French Vanilla Dream Ice Cream with an Edible Chocolate Coffee Bowl

I entered this recipe in the zuuzs Grand Spring Recipe Challenge. Vote for me and see what other wonderful recipes were entered.

Most people associate ice cream with summer, but I actually associate it with spring. I’m from Ohio, and the first warm days of late April or early May would be spent hunting for an open ice cream spot. I am such a HUGE ice cream fan. I like all different flavors and all different types. From classic vanilla ice cream to sherbets and sorbets to the amazing richness of gelato, I love them all!!! For my birthday this year, my husband bought me an ice cream maker attachment for my Kitchen Aid Stand Mixer. Unfortunately, for us both, I have not stopped making ice cream. It’s been excessive and ridiculous. I have experimented with everything from White Chocolate Chip Macadamia Nut Ice Cream, Peppermint Fudge Avalanche Ice Cream, and Chocolate and Caramel Swirl Ice Cream to Strawberry Sherbet. For my latest venture, I wanted to do something classic, but special, so, I started with my first memories and worked my way out to where my foodie experiences all over the world have led me.
When I think ice cream, I immediately think of Young’s Jersey Dairy in Yellow Springs, OH. For ice cream, there’s no place like it. They raise their cows on site, and have been making ice cream since the 1960’s. Piece by piece, they’ve added a bakery, a dining room, and, even a putt-putt course. My favorite ice cream here is the Cotton Candy. I always get it in shake form whenever I visit the restaurant. There is not an elementary school in our county that didn’t have an end-of-the-year field trip to Young’s. My family didn’t have much money when I was growing up, so we didn’t get many treats. Going to McDonald’s for us was a big deal. During the summer, though, trips to Young’s were a regular occurrence. We could have a full family experience, see people from our community, and enjoy the best homemade ice cream in the mid-west, and for a great price.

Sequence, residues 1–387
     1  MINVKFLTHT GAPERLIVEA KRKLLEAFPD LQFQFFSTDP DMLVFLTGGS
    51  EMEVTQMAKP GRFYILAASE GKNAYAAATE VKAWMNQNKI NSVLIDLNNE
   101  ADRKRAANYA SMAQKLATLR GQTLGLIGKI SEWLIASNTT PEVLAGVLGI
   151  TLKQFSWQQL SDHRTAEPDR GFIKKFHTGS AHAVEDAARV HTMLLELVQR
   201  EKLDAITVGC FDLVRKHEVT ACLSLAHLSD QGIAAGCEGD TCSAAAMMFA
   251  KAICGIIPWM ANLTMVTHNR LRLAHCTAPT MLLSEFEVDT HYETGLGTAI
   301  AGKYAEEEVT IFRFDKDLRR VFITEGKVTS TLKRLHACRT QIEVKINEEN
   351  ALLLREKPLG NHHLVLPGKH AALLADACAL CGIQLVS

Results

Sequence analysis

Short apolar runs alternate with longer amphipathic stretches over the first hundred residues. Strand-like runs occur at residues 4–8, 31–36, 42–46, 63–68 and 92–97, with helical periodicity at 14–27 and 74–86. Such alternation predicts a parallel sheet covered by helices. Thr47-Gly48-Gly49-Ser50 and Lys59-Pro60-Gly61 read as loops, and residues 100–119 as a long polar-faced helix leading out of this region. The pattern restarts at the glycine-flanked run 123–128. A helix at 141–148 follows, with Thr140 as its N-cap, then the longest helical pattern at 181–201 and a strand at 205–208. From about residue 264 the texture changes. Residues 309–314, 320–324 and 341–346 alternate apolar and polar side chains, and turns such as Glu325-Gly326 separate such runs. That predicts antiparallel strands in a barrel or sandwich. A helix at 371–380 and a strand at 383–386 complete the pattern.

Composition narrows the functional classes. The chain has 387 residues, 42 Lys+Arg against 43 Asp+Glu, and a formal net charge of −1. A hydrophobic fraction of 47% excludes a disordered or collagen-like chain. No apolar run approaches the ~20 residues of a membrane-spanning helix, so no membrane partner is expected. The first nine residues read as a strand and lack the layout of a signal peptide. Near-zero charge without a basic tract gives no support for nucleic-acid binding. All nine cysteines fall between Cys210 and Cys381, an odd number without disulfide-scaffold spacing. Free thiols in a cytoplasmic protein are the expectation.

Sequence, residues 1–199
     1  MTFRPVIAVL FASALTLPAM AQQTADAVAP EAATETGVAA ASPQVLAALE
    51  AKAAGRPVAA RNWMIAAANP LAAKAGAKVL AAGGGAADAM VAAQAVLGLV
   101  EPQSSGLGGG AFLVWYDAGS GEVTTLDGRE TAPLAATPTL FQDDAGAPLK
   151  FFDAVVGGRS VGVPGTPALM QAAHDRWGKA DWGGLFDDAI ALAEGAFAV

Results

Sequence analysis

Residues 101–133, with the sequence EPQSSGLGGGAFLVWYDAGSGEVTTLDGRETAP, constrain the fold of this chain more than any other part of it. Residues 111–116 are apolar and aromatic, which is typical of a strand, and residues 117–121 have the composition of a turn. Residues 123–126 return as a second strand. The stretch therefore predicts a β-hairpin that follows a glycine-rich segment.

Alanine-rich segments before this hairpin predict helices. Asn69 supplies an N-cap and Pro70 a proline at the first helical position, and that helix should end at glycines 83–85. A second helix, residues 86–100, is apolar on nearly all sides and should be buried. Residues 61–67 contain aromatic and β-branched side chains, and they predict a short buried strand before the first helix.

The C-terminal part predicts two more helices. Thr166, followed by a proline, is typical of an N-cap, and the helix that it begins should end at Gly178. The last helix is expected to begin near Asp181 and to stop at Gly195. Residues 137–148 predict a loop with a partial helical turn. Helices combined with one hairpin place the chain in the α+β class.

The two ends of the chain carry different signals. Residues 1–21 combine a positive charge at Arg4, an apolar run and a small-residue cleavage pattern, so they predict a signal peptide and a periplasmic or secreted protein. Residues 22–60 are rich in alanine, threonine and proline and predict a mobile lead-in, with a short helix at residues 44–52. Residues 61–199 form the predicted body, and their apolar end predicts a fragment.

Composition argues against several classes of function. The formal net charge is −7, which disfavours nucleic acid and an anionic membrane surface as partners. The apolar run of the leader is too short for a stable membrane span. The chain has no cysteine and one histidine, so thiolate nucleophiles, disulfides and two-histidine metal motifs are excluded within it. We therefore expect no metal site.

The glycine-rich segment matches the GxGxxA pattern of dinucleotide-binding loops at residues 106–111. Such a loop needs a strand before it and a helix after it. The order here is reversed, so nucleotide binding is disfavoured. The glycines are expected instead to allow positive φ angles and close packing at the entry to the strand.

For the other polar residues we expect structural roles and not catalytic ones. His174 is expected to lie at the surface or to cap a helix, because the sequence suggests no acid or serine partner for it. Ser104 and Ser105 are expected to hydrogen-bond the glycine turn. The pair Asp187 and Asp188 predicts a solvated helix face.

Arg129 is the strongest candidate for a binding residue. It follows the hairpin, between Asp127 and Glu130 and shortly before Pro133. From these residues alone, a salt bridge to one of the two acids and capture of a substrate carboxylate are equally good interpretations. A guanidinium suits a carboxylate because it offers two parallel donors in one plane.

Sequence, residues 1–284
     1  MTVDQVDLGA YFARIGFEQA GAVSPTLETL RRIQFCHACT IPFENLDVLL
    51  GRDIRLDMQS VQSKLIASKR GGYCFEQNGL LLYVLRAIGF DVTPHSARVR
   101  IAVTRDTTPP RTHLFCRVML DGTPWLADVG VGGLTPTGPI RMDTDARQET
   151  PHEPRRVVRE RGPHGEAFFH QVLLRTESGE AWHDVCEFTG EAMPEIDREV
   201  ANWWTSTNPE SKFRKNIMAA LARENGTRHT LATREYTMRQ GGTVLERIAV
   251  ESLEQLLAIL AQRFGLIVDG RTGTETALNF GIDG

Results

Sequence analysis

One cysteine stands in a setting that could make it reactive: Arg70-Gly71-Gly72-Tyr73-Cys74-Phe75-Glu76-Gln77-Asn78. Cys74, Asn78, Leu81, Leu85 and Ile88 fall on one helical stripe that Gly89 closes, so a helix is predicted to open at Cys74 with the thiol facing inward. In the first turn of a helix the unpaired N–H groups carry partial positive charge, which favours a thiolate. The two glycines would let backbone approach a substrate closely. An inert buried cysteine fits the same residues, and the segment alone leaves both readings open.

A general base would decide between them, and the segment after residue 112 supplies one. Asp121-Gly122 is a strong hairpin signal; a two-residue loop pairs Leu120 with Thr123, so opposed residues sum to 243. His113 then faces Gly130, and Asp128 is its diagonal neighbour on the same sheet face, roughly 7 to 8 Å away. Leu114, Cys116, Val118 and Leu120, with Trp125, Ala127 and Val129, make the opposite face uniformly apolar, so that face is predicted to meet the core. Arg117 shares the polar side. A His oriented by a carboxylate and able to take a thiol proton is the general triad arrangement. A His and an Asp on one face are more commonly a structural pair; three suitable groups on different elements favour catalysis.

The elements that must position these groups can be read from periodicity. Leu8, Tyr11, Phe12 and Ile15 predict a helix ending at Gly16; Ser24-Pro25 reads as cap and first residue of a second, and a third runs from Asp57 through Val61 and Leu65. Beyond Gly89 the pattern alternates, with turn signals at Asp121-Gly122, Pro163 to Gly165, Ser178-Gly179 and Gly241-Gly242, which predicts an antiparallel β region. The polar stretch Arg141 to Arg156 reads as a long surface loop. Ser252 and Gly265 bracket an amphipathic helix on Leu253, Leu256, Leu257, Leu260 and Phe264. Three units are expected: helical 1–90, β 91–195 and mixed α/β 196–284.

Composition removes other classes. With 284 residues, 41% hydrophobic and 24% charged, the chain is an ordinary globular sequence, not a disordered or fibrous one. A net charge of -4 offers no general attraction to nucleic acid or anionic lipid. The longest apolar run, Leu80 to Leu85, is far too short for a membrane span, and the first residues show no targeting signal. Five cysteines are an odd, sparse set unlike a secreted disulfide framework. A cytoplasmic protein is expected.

Moving on to the rest of my days, I have enjoyed ice creams with candy, herbs and liquors. I have had some amazing gelatos in Italy, some dreamy concoctions in France, and some of the freshest ice cream in Germany. The one I remember most, though, was in Karlovy Vary, Czech Republic. I went with a good friend of mine, Amy, and her mother. It was the day before Christmas Eve. We walked all around the beautiful little city, and had the best European-made pizza I had in my three years overseas. Our first night there, though, we had some amazing food in this tiny restaurant on the on the bridge over the water. We had this incredibly rude waitress who was bum-fuddled when we said yes to dessert. Incredibly annoyed, she walked back to the kitchen and returned with the dessert special, vanilla ice cream with warm fudge sauce. So good. What I remember is how that vanilla held its own with the fudge syrup. It was a base, as vanilla often is, but it wasn’t the plate. It was an edible vessel that added to the sauce.
All that being said, that is what I finally decided to make. I wanted to make a classic vanilla ice cream that was creamy, the way i remember it in my youth, and one that can stand up to a delicious sauce. I also wanted to create that edible vessel to dress it up and add a little extra something. Well, to keep with my Europe theme, I went with the, also classic, crepe. But, I couldn’t just do a crepe. I had to dress it up a little. So I thought, why not a chocolate coffee crepe. The perfect combination for the end of the meal. Really want to spice things up? Make it a triple threat. Try this vanilla ice cream recipe with the chocolate coffee crepe bowl, and top it with dulce de leche or caramel sauce. With that said, here’s how I made it.